I mention this, because I was in Whitby with my ladies yesterday for a family day out and whenever we visit this amazing seaside resort, my thoughts often turn to the supernatural tales which are linked with it.

I’ve loved a good ghost story ever since I was a child, when my Grandad, a true ranconteur, would sit in his armchair on a Saturday afternoon and, in a fug of cigarette smoke, regale my sister and I with the spooky stories he had picked up from his travels with the Royal Navy during the war and the Merchant Navy after it.

Most involved a drink or two, but then they are kind of the best stories anyway, aren’t they?

But I digress…

We eventually left for home yesterday at around 9.30pm, after an action-packed day of crabbing, arcades, shopping and walking, all rounded-off by a famous Whitby Ghost Walk – which sated my need for all things supernatural – before heading out of the town and into the moors on our way home.

It was that strange time of day when dusk was turning to night. The sky was an amazing dark amber and the hot and humid conditions had conspired with the brisk sea breeze to create a mist which descended over the barren expanses of scrubland on either side of the winding road on which we were travelling.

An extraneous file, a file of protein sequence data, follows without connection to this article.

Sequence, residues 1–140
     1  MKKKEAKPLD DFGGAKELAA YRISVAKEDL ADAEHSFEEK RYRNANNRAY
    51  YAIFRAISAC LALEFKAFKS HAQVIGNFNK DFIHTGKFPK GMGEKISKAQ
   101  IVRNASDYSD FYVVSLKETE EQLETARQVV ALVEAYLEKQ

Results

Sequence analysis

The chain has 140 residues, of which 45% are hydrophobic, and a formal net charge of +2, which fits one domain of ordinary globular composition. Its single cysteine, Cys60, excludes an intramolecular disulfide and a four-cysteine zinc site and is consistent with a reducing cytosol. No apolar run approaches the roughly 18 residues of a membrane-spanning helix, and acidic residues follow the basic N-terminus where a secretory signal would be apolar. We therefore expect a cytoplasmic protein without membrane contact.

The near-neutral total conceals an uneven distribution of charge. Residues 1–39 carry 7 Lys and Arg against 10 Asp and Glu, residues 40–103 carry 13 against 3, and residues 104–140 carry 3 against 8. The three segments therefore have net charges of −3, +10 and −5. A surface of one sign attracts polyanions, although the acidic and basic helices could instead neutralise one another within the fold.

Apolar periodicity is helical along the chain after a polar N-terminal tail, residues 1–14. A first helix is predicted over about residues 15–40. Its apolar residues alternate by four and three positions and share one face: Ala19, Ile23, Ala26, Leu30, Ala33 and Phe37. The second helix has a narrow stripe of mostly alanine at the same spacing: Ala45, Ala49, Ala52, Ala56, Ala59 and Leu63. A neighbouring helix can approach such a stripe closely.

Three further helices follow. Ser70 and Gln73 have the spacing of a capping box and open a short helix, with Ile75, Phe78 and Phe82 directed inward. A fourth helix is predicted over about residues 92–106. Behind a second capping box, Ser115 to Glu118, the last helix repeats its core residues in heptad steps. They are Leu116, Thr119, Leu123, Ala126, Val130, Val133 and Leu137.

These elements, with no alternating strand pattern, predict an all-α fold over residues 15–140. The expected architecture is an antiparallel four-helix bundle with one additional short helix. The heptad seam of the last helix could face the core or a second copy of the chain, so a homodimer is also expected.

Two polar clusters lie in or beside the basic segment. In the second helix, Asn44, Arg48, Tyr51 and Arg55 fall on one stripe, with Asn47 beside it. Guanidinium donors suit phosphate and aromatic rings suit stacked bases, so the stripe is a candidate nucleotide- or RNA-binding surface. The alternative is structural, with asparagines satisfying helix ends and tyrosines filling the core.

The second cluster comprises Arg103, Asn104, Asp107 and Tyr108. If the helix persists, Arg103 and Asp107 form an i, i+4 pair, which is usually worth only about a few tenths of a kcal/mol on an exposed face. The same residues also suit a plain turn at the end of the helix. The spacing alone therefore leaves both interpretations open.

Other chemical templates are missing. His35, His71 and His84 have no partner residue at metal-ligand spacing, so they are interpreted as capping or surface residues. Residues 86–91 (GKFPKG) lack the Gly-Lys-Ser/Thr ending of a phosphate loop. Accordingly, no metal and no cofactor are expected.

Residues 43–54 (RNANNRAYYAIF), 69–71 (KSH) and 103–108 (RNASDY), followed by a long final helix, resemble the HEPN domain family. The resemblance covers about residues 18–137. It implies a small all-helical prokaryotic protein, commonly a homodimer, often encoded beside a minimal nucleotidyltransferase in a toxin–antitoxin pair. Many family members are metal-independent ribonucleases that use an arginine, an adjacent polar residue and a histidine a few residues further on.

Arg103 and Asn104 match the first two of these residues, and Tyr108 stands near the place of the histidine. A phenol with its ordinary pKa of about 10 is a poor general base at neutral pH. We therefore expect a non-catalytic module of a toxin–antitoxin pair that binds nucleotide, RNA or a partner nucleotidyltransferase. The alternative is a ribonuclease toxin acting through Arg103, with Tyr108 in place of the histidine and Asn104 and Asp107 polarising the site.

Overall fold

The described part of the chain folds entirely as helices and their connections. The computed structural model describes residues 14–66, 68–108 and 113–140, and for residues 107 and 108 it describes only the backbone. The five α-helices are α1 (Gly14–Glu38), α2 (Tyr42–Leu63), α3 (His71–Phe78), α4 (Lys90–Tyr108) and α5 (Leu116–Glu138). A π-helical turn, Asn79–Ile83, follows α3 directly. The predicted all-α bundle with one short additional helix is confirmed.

The car was full of chat and laughter as we recounted the day and the experiences we’d had when I saw, in the distance and almost imperceptible at first, two bright red beacons on the road ahead, which seemed to be getting closer as we continued on our way.

Was it a car? Must have been, although we’d not seen a single other vehicle since leaving Whitby. The mist had by now turned into a fog as thick as felt and all I could see up ahead were the two, burning red lights getting closer and closer. I’m normally a rational person, but I slowed the car, wound up the window and turned up the radio to drown out the noises outside, just in case.